There are challenges when it comes to the financing of electric vehicles and we have asked the government to add that in priority lending, says Mahesh Babu, MD and CEO, Mahindra Electric.
“We are also engaging with various banks and others for them to look at technology lending and EV adoption lending in a better way. And we can help them out with our telematics data and our 250 million km of electric mobility in India,” Babu told BusinessLine.
Mahindra Electric Mobility Ltd, the electric mobility business arm of the Mahindra Group, is investing ₹1,000-1,200 crore in the next three years, which will include investments in its Chakan plant, the company’s product development, as well as an investment of ₹500 crore for its upcoming R&D centre in Bengaluru.
Mahindra’s focus is on shared mobility and last-mile connectivity for EVs – you have identified these as the areas where the real benefit of EVs will come to India. But when it comes to ICE vehicles, the shared mobility and last-mile connectivity segment only constitutes a small segment. Why is it that you see a big potential in this space for EVs?
The focus went on to the first-mile and last-mile connectivity – particularly on three-wheelers and let’s say Atom (the new electric quadricycle to be launched) and all these products – mainly because of economic factors. If you look at most of the testimonials of the three-wheeler Treo’s owners, most of them talk about the low operating costs and hence, the earning potential. Plus, three-wheelers are also typically, till now, a male dominated one.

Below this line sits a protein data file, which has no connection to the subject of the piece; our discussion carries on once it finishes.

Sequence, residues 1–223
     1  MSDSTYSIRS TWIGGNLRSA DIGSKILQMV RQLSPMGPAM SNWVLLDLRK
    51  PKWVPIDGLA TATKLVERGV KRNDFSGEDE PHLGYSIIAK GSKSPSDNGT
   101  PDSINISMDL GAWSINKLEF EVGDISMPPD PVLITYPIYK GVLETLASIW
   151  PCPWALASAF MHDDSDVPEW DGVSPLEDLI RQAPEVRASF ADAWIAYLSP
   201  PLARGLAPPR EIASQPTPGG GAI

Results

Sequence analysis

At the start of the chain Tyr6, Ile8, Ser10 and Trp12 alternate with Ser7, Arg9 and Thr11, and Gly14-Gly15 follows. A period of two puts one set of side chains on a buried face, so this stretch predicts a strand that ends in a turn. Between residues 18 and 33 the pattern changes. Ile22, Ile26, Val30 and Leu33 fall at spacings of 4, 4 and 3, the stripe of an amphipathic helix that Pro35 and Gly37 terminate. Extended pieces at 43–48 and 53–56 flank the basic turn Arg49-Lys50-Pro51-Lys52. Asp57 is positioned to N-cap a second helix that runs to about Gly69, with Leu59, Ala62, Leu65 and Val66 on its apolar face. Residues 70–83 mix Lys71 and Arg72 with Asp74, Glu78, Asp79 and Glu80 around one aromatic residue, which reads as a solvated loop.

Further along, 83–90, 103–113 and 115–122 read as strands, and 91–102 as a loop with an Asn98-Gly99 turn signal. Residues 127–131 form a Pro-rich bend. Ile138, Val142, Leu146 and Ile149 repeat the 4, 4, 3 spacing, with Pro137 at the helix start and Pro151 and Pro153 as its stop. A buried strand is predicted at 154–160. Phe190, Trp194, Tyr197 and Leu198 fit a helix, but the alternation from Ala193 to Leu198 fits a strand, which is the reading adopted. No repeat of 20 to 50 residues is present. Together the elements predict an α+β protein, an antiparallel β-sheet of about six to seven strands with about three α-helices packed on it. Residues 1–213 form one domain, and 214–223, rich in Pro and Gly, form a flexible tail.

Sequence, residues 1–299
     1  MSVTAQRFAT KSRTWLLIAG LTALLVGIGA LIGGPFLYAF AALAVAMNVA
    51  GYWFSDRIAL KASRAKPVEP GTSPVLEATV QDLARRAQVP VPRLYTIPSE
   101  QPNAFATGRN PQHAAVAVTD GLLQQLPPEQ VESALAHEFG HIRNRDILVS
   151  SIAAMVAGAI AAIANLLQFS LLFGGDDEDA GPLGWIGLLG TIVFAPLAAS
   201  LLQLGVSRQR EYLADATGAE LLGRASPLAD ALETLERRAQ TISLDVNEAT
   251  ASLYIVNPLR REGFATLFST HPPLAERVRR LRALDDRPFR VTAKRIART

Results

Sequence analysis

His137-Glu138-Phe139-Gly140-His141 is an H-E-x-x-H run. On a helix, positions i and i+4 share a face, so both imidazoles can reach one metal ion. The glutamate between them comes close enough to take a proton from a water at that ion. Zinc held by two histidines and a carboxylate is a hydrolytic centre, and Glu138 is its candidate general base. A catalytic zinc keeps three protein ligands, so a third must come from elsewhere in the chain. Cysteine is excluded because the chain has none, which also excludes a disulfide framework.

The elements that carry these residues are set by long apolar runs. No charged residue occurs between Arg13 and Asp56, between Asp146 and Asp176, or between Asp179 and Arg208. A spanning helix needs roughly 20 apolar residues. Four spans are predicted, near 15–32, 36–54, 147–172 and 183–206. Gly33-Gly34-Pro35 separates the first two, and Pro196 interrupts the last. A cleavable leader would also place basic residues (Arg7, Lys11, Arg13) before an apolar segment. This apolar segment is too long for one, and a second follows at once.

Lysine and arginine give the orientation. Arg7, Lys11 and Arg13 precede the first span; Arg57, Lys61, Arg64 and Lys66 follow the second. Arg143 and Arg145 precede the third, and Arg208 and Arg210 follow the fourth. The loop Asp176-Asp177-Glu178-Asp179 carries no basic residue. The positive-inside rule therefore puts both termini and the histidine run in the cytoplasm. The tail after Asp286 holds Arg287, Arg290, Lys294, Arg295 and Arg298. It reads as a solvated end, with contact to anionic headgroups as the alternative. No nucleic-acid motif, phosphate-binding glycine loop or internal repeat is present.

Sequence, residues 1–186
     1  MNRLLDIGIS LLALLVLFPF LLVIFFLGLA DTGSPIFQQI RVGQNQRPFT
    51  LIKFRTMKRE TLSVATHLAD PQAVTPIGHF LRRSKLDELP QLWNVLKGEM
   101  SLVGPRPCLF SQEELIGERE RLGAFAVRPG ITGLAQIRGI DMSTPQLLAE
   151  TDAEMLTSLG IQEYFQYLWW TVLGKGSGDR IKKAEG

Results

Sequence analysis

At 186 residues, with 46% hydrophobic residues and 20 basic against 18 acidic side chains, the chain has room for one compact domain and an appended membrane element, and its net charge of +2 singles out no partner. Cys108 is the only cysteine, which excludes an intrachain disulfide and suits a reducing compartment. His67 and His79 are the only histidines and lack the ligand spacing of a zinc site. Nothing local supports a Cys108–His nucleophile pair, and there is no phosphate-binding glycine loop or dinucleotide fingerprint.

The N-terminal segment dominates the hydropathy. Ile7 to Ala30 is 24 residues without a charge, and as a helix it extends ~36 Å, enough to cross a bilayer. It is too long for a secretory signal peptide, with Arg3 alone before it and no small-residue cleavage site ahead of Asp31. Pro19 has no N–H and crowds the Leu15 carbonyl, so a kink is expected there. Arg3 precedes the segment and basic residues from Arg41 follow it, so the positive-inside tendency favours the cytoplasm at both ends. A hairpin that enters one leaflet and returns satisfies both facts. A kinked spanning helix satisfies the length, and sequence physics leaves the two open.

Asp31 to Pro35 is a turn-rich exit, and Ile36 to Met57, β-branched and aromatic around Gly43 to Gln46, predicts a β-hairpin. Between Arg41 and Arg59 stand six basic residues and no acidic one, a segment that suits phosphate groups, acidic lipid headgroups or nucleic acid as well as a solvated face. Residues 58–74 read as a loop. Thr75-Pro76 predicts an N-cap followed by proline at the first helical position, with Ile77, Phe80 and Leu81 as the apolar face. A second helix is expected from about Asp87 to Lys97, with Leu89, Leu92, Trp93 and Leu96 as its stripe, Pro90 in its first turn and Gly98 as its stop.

With the drive by wire and electric three-wheelers, a lot of women employees are getting into the auto domain (in the) last-mile and first-mile domain. We did a pilot and if you look at the economics, it’s very clearly an additional earning of ₹4,000-6,000 per month due to low operating cost of EVs. India, by and large, had a three-wheeler story – three-wheelers is synonymous with India – and Mahindra has never been in three-wheelers. So, as Mahindra Electric, we found an economic sweet spot (in three-wheelers).
Are there plans to enter the personal segment in the near to medium term in the four-wheeler and two-wheeler segment?
Our primary focus will still remain on first mile, last mile connectivity on passenger and goods. We believe the personal segment actually will pick up much faster between 2020 and 2023. So, we are looking at launching XUV 300 (electric) by the end of the next financial year (which will cater to the personal segment). Mahindra eKUV100, set to be launched in the first quarter of the next calendar year, will also attract some personal segment buyers.
Players like Tata Motors, MG Motor and Hyundai, as well as two-wheeler makers like TVS and Bajaj Auto, have already rolled out products in the personal segment. Is this a matter of concern?
I don’t think we need to be the first to launch everywhere. We have launched India’s first lithium-ion car e2o way back – 10 years back. Now, if you look at what we are – our strategy is, we are looking more at Atmanirbhar Bharat (self-reliant). If you look at Treo, everything except the cell is locally made in India. Similarly, with XUV 300, you will have everything made in India except the cell in a year’s time. So we are looking at building our story along with ‘make in India’ and the Atmanirbhar Bharat concepts. Nothing will be lost in one year, the EV journey is just starting – it’s not going to be a short-lived story, it is going to be a long-lived story. So we will have to come with a very strong local content in it. That’s the reason we are okay (with others already having EVs in the personal segment).